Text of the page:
Small scale developments in the Mixed Housing Suburban Zone

The Auckland Unitary Plan upzoned a lot of land in established residential areas, meaning that more houses could be built on individual sites than before. The best yield in most cases, and often the better development outcome, is from removing the existing house and other buildings, and redeveloping the whole site. But what if you have a newish house on the site already, and don’t want to redevelop the whole site? We often receive enquiries from people who are looking to add one or two more dwellings to a site, and this is commonly in the Mixed Housing Suburban Zone; this blog will focus on the Mixed Housing Suburban zone.


What is the Mixed Housing Suburban zone?

This is the most widespread zone in the Auckland Unitary Plan and includes many established residential areas as well as some greenfields sites. The zone enables intensification, while retaining the suburban built character. Development is generally expected to be two storey detached and attached dwellings. You can find out more about zoning, from this blog.


How many houses can I have?

In the Mixed Housing Suburban zone, you can develop up to three houses on one site as a permitted activity (meaning resource consent isn’t required. You may however trigger resource consent under other Unitary Plan rules, which we will discuss below). Four or more dwellings would require resource consent, where Council officers will be largely looking at the bulk and location of the buildings, site and building design, traffic, parking and access. You should seek the assistance of a Planner for planning advice and assistance with your resource consent application.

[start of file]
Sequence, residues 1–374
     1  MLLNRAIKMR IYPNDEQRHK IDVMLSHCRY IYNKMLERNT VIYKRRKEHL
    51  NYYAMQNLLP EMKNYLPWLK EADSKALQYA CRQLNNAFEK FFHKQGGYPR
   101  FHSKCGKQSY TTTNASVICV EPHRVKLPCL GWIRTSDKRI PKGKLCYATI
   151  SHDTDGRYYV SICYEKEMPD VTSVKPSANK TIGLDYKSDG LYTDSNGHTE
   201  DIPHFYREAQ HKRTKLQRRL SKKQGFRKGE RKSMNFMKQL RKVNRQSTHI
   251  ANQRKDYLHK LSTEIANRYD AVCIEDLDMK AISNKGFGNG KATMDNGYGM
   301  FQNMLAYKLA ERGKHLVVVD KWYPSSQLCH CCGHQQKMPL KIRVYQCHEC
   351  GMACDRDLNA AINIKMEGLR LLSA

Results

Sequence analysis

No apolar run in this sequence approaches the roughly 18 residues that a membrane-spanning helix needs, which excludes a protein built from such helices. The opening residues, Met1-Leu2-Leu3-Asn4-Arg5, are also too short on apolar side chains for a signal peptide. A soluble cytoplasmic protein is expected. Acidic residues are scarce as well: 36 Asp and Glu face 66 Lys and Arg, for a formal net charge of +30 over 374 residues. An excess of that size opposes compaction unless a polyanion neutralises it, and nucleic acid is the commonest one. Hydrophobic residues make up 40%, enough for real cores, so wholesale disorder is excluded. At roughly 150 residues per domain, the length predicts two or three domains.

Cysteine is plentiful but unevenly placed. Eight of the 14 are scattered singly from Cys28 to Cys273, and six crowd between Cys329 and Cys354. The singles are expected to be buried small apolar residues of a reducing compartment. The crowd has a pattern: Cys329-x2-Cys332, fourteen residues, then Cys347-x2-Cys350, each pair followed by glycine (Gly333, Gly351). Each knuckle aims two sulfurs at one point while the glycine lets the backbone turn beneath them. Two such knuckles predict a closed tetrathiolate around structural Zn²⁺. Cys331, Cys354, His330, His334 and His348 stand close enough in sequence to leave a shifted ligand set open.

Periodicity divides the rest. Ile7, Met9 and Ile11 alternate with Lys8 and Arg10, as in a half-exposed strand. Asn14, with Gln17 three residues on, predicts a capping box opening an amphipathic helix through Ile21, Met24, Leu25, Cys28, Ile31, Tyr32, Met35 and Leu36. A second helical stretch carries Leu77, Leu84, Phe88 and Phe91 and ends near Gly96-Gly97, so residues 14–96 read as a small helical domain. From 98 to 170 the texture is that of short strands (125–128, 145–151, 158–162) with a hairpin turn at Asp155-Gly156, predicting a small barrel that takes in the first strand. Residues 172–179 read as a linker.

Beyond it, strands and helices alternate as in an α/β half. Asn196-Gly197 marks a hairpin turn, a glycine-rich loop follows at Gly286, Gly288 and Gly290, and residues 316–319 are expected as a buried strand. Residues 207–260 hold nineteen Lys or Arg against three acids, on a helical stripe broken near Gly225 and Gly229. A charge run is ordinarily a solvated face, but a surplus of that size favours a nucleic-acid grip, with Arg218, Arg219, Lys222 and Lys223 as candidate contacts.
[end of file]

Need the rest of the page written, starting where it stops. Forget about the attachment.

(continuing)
Standards in the Mixed Housing Suburban zone

There are a variety of Standards that are directly applicable to development in the Mixed Housing Suburban zone. This includes:

  • Maximum height,

  • Height in Relation to Boundary controls,

  • Building Coverage,

  • Impermeable Area,

  • Outlook Space,

  • Daylight,

  • Outdoor Living Space,

  • Yards,

  • Minimum Dwelling size.

You can find these Standards here (page 7 onwards); the Standards that you must comply with vary depending on if your development is permitted or not (as set out on page 3).



What other rules do I need to be aware of?

There are a number of other rules and Standards in the Auckland Unitary Plan that you need to meet, to be a permitted activity. This includes (but is not limited to) those related to:


Where we have a blog we think may be of interest to the above issues, we have included a link to it in the above list; they are not an exhaustive list though of everything you need to consider.


Your development may end up infringing one or more of these, triggering the need for resource consent. We suggest you discuss these with your Planner, and discuss risk, costs and any potential for redesign.


What other potential issues are there?

At feasibility stage, you need to also be aware of contributions that may be applicable such as Council development contributions, Watercare Services Infrastructure Growth Charges and connection fees for services. These are not small amounts and need to be factored into your budgets.


Also check your Record of Title- there may be other restrictions in land covenants, easements and consent notices that you need to comply with. You can find out more in this blog.


Need more advice?

If you have a development in mind and think you need a resource consent, or need more detailed feasibility advice, get in contact. You can contact our resource consent specialists on hello@planningplus.co.nz or 09 427 9966.


Disclaimer

As with all our blogs, the information detailed here is general in nature and meant as a preliminary guide only. This should not be substituted for your own investigations or use of your own professional’s. Planning Plus is not liable for any errors or omissions.

274 views0 comments